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Prefetching Online Ad & Email Links Inflating Website Visits - Adobe Analytics

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The Problem

When comparing our digital advertising metrics from the ad agency adserver against our Adobe Analytics campaign reports – Adobe Analytics is significantly higher.  Ad clicks should be in line with visits within a reasonable degree – and trend similarly.  They are not even close in our comparisons - with Adobe out pacing Ad metrics by a wide margin.  In investigating possible technical reasons for this difference we uncovered Online Ad & Email systems “Prefetch” actions a possible culprit.  If these systems are generating a prefetch site visit in Adobe Analytics without the Adserver recording a click – that could be an issue for Adobe Analytics and all website trackers.  It’s similar to a bot without any other site engagement.  It would greatly inflate visits and bounce rates with the artificial visit.

 

Has anyone seen site prefetching as an issue or solutioned a way to mitigate the problem?

 

 

Prefetching is when content is downloaded in the background, this is based on the assumption that the content will likely be requested, enabling the content to load instantly if and when the user requests it. The content is downloaded and cached for anticipated future use without the user making an explicit request for it.

 

https://businesshelp.snapchat.com/s/article/mobile-optimization-playbook?language=en_US

 

https://www.mailmodo.com/guides/gmail-prefetching/#what-are-the-impacts-of-gmail-prefetching

1 Accepted Solution

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Correct answer by
Community Advisor

Just to clarify.. are you embedding Non-JS Adobe Tracking pixels on your emails? This could cause multiple concerns within your suite...

 

Gmail and AMPP prefetching images within emails could indeed be over counting...

 

First, without JS there is no user finger-printing, meaning that every time the user opens an email they would likely be treated like a new visitor and visit... (made worse by pre-fetching which again would count as a visit/visitor) and also, because this isn't using ECID service, any links that they open from those emails would be treated like a new user/visit once they reach your site.

 

The thing is, you can't use JS on emails.. most email readers will outright block JS because it used to be a common way to distribute malware and viruses to unsuspecting users.... 

 

What you could attempt to do, depending on your system.. is track your email opens (via non-JS tracking) into its own suite, so as to not inflate your main suite data; and on top of that, if the technology you are using to build and send your emails can use scripts (like Python) as part of the email build that could apply a unique user id (not ECID) into the tracking call so that at least the user (if not the visit) is at least identified consistently (maybe using the aid or vid params (https://experienceleague.adobe.com/docs/analytics/implementation/validate/query-parameters.html?lang...).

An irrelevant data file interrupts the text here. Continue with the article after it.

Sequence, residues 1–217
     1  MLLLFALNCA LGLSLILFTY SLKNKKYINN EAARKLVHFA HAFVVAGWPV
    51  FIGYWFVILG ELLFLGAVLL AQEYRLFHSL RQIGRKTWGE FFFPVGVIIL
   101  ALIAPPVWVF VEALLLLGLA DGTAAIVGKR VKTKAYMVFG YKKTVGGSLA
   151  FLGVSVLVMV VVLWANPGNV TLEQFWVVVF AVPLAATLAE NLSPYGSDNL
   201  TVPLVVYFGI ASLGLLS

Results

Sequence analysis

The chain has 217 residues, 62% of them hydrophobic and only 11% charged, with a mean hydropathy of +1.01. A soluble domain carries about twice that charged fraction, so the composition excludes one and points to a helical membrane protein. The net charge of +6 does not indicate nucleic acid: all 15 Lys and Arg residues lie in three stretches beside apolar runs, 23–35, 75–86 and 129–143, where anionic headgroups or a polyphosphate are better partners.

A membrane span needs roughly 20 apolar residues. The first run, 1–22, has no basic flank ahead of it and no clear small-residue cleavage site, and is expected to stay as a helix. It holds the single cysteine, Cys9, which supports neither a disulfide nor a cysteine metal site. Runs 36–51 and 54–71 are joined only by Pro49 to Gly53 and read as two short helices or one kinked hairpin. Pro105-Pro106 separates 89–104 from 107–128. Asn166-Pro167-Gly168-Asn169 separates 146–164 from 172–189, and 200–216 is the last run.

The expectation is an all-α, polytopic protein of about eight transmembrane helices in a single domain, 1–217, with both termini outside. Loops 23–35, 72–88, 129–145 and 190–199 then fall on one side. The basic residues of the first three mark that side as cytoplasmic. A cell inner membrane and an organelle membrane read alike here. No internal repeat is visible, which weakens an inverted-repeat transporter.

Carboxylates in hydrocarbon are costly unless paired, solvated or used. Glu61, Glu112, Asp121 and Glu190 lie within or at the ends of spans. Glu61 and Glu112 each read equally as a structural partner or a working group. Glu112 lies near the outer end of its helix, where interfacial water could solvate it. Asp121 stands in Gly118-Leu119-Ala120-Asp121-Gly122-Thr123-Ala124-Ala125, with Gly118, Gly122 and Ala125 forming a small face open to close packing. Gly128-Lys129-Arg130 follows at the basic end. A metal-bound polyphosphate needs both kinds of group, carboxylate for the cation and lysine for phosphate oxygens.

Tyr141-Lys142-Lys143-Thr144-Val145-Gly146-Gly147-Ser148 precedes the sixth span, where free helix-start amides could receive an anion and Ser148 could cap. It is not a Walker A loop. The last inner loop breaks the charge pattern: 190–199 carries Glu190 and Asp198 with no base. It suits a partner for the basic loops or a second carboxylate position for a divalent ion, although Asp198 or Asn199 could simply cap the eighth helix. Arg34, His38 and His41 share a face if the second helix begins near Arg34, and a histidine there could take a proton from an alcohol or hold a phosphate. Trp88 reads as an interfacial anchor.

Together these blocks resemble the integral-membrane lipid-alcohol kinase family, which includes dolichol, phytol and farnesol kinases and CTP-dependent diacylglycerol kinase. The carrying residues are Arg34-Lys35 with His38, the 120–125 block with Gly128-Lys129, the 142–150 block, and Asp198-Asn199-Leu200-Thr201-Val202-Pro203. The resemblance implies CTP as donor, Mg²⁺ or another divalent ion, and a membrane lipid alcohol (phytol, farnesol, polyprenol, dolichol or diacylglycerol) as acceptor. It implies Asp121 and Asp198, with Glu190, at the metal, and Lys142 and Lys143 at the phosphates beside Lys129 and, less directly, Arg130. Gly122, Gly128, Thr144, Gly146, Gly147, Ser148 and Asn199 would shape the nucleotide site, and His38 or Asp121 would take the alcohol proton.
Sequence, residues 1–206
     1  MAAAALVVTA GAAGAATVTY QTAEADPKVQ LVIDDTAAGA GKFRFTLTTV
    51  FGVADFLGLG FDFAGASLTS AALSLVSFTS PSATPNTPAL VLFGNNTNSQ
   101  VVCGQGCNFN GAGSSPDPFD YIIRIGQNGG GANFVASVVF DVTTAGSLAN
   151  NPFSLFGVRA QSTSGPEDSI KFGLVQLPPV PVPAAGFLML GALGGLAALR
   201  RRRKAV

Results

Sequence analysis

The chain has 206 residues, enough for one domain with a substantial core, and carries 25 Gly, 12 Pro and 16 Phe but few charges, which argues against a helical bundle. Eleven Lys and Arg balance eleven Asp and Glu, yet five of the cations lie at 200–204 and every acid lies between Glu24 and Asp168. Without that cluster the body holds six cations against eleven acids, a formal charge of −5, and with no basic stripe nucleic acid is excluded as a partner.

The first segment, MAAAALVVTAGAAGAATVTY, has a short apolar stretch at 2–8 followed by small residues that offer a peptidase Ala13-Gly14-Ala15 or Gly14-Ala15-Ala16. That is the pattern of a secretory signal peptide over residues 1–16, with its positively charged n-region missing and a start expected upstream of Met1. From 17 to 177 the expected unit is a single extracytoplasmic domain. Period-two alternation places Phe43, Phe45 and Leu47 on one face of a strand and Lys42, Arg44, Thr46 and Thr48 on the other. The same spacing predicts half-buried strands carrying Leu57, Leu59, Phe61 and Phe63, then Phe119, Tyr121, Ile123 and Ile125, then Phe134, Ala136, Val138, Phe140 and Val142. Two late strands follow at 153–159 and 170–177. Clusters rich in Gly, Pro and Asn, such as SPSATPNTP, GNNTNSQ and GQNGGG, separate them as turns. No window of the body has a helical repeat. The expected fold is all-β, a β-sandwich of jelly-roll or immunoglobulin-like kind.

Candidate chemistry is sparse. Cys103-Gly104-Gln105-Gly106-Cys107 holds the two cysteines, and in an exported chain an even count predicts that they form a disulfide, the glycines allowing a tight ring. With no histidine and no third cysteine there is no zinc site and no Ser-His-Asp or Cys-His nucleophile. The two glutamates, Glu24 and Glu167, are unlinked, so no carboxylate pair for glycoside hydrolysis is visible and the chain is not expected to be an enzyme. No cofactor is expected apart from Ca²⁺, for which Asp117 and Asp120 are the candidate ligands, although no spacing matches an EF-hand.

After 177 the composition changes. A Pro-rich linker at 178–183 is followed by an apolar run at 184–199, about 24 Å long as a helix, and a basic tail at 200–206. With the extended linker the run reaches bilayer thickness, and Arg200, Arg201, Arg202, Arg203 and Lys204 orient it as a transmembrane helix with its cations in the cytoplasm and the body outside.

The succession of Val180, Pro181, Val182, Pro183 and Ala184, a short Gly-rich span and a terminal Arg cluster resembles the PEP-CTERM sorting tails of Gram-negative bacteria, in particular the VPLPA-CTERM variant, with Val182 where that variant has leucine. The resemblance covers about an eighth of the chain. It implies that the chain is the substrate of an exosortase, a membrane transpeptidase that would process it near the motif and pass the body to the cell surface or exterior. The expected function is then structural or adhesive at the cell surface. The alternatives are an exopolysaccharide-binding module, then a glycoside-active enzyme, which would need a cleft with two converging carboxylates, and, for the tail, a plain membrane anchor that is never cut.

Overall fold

That is if you need Adobe to be embedded in your emails... this will take some testing to see what works...

 

I suggest you set up an isolated testing suite that you very carefully document all the expected hits from a few devices and attempts and correlate the data that makes it to the suite to see if it matches your expected values...

 

 

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1 Reply

Avatar

Correct answer by
Community Advisor

Just to clarify.. are you embedding Non-JS Adobe Tracking pixels on your emails? This could cause multiple concerns within your suite...

 

Gmail and AMPP prefetching images within emails could indeed be over counting...

 

First, without JS there is no user finger-printing, meaning that every time the user opens an email they would likely be treated like a new visitor and visit... (made worse by pre-fetching which again would count as a visit/visitor) and also, because this isn't using ECID service, any links that they open from those emails would be treated like a new user/visit once they reach your site.

 

The thing is, you can't use JS on emails.. most email readers will outright block JS because it used to be a common way to distribute malware and viruses to unsuspecting users.... 

 

What you could attempt to do, depending on your system.. is track your email opens (via non-JS tracking) into its own suite, so as to not inflate your main suite data; and on top of that, if the technology you are using to build and send your emails can use scripts (like Python) as part of the email build that could apply a unique user id (not ECID) into the tracking call so that at least the user (if not the visit) is at least identified consistently (maybe using the aid or vid params (https://experienceleague.adobe.com/docs/analytics/implementation/validate/query-parameters.html?lang...).

 

That is if you need Adobe to be embedded in your emails... this will take some testing to see what works...

 

I suggest you set up an isolated testing suite that you very carefully document all the expected hits from a few devices and attempts and correlate the data that makes it to the suite to see if it matches your expected values...